Wednesday, August 12, 2015

Faster, Better and Cheaper - Can Digital IT Achieve All

IT needs to be running in a more proactive digital mode, rather than in a reactive industrial mode.

Many traditional IT organizations still run in a reactive, "keeping the light on" mode, in pursuit of efficiency (doing more with less), but putting less effort on achieving agility (running with faster speed to adapt to the changes) and maturity (doing things better to delight customers, not just keeping IT functioning). However, with the increasing speed of changes, IT has to be designed for change, but how? Can IT shift from a monolithic industrial mode to a nimble, adaptive and resilient style? Faster, better, cheaper, can IT achieve them all?

It's about people, process, and technology, well aligned with business strategy. When IT is viewed as expensive, it's often because there is a lack of a clear understanding of the corresponding business value provided by IT. Aligning to business goals provides the context to invest technology dollars wisely. What really comes out is the need for the senior IT team to get close to the business and create the relationships that allow the proper conversations to happen. Focusing on the people, processes, and hearts & minds is not always easy for a technical team to do, but a real must in today's ever-evolving IT world. At traditional IT organizations, if you choose "cheap" and also choose "good," then expect "slow." Alternatively, if you choose "fast" to accompany "cheap," then expect poor quality. Cheap, fast and good - it seems you can have only two choices at a time. However, now with the emergent digital technologies such as Cloud, Mobile, Social, Analytics and IT consumerization trends, IT has better opportunity to run faster with digital speed; focus on doing more with innovation and achieve high quality result; and shifting from CapEx to OpEx does not always necessarily mean cheaper, but for enabling cash flow.

IT needs to be running in a more proactive digital mode, rather than in a reactive industrial mode. At industrial silo mode, IT plays as a controller, IT staff often takes heroic measures routinely to keep "their" IT systems working well for the business and their colleagues. The risk is that the IT team is overloaded and the business' expectations are raised to an unsustainable level as the workload increases. It is imperative that the IT leadership does not rely on this heroism of their team as it places the business at a very real peril when things change for the worse. IT leaders must find ways and means to decrease the work pressure and obtain permanent or temporary resource relief. To put another way, IT leaders must transform their organizations to be a business enabler, embrace the latest digital technology trends, also take proactive steps not only mitigating risks but performing risk intelligence.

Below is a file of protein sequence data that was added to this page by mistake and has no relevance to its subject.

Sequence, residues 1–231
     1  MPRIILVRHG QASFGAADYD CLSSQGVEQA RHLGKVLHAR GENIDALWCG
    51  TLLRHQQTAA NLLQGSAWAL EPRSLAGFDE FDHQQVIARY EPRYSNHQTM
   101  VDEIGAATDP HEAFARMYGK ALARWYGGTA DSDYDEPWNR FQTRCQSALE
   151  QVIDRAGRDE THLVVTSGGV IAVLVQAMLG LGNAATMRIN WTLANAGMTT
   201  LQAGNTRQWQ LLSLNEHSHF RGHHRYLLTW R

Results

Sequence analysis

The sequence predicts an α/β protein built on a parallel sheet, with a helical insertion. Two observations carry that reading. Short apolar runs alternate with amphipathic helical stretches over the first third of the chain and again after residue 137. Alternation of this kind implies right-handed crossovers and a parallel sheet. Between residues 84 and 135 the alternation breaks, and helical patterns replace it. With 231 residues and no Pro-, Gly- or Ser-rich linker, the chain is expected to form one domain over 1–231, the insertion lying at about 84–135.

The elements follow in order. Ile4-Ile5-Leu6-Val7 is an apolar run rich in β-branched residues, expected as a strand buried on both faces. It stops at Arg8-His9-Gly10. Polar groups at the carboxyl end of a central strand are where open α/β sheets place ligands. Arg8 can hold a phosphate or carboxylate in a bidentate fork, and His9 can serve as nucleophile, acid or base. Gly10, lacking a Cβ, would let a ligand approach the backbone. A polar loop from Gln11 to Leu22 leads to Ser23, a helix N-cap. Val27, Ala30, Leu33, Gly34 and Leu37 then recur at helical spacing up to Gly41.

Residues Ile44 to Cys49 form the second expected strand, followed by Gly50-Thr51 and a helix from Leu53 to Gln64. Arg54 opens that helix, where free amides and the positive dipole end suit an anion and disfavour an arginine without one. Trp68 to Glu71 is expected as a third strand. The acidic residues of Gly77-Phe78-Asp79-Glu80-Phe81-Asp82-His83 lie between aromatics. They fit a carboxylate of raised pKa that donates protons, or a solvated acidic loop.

IT leadership typically needs to come alongside business leadership with strategic decisions and remind them of the fundamental principle of business. Engage Board and executive team in strategic dialogs. Focus on communication about IT value add. Move towards a bimodal model: cutting cost on the legacy side and investing in 'digital.' Benchmark IT spend versus competition. Highlight Operational Risks: shaky foundations in people, processes, technologies, tools, etc. and their related risks, are often ignored until the disaster strikes. In addition to the example of the extended outage, you may have a crisis caused by risks, a rapid change for the scale of the business that cannot be properly supported by the IT capabilities of the company, turnover of key personnel, or obsolescence of key technologies. Often the business leadership views the claims for more investment is a self-servicing request. External and respected consultants or CXOs/Board members that have seen other businesses suffer from other investment or annual spending can provide a more objective measure. Benchmarks are useful if they are considered legitimate by the business leaders and are most effective when the entire business, the functions or the processes are benchmarked too.

Organizations rely more and more on information and technology; people tend to have a high expectation of digital flow, the IT department has more and more challenges to overcome for running at digital speed. IT leaders have to act beyond a technology manager, play multi-faceted roles: being a change agent to drive the changes, being an innovator to discover the new way to do things; being a customer champion to delight both internal and end customers; being a talent master to shape a high-performing IT team and being a governance champion to manage both risks and opportunities accordingly.


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